The Defend Trade Secrets Act of 2016 (“DTSA”) federalizes trade secret protection, as well as preserves state law trade secret protections. The Act provides a uniform definition of trade secrets, a uniform standard for misappropriation, extends federal civil protection to trade secrets and allows companies and individuals to file private lawsuits to remedy a wrongful taking of their trade secret information.
This article focuses on the DTSA’s notice requirement and explains the steps employers should take immediately to preserve the full range of remedies available for trade secret misappropriation.
DTSA’s Notice Requirement for Employers
The DTSA requires employers to include a notice provision of whistleblower immunity in any contracts with employees, contractors or consultants that include provisions restricting the use or disclosure of trade secret or other confidential information. This requirement applies to all contracts and agreements entered into or updated after the date of enactment, May 11, 2016. The notice must state that no individual may be held civilly or criminally liable for the disclosure of a trade secret in confidence to a federal, state or local government official, or to an attorney, when such disclosure is made to investigate or report a suspected violation of law, or in a complaint or other document filed in a lawsuit or other proceeding if such filing is made under seal. Additionally, the notice should advise that an individual suing an employer for retaliation based on the reporting of a suspected violation of law may disclose a trade secret to his or her attorney and use the trade secret information in the court proceeding, so long as any document containing the trade secret is filed under seal and the individual does not disclose the trade secret except pursuant to court order.
Employers can also satisfy the requirement by cross-referencing to a policy document that details the employer’s reporting policies for suspected violations of law.
At present, there is no statutory penalty for not providing the required notice. However, if an employer fails to provide the required notice, the employer cannot recover punitive damages or attorneys’ fees under the DTSA from an employee to whom the required notice was not provided.
What Employers Should Do Now
The DTSA and its notice requirements do not apply retroactively. Therefore, employers should draft a standardized notification clause for inclusion in all newly drafted employment contracts and any other document that imposes confidentiality obligations upon an employee, independent contractor or consultant or otherwise incorporates such provisions by reference. The DTSA does not specify the exact notification clause needed. It is unclear whether citing to the immunity provisions will suffice or whether an employer must reproduce the immunity provisions in their entirety. In addition, the DTSA does not specify whether the protections during anti-retaliatory lawsuits need to be included. Thus, employers are advised to include the entirety of the immunity provisions and the anti-retaliatory lawsuit protections in their notices. Doing so ensures that any challenge by an employee claiming he or she did not receive adequate notice will fail, and employers will be able to utilize all remedies in the DTSA.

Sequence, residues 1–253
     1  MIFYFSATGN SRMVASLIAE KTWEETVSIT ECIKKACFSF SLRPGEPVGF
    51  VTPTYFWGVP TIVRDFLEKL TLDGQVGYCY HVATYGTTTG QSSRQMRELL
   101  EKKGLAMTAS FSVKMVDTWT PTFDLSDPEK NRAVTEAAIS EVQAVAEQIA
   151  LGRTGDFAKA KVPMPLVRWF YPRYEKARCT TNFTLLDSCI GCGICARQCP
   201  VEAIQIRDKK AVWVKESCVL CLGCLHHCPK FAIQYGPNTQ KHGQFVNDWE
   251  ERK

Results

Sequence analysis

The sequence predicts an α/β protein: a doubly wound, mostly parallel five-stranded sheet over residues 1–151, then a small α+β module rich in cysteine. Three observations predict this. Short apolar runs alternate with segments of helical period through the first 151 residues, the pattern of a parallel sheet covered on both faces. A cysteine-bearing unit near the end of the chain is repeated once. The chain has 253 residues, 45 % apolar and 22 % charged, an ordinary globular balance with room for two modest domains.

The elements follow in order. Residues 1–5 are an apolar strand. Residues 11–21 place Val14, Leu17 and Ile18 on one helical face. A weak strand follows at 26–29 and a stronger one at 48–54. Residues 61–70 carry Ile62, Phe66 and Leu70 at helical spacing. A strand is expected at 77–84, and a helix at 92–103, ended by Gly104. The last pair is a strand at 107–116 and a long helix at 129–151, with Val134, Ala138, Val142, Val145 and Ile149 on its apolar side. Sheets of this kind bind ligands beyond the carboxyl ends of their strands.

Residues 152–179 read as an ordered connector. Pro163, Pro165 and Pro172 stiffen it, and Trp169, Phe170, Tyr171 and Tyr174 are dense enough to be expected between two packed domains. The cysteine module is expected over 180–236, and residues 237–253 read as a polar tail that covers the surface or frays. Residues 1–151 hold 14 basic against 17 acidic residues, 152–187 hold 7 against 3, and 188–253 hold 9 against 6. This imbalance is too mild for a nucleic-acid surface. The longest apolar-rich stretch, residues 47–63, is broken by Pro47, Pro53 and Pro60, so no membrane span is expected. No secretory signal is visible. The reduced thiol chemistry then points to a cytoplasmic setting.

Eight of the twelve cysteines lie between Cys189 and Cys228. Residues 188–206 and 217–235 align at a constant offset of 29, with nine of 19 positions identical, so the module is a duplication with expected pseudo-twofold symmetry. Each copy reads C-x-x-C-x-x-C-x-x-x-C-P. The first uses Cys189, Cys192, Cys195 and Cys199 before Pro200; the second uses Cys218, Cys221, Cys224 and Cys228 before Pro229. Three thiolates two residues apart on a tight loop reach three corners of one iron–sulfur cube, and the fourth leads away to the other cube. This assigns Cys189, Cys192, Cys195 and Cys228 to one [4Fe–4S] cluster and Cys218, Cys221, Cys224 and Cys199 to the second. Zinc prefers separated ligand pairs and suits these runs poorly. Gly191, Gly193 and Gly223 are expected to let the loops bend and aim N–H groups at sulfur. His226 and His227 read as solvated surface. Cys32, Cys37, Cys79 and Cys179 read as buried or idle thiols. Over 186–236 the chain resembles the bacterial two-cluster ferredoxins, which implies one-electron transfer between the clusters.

Additionally, employers should consider adopting an internal policy setting forth the company’s reporting policy for a suspected violation of law, which includes the notice provision and can be cross-referenced in employee, contractor and consultant agreements in addition to or in lieu of the notice provision.
About the Author
Matthew C. Miller is a corporate and business litigation partner at Weston Hurd LLP. Matt represents small and middle-market companies and regularly advises clients on matters concerning trade secret issues. Since 2015, he has been named an Ohio Rising Star in Business Litigation by Thomson Reuters. Matt can be reached at 216.687.3236 or firstname.lastname@example.org.
This article originally appeared in FOCUS (2Q2017), the quarterly newsletter of the Association of Corporate Counsel-Northeast Ohio.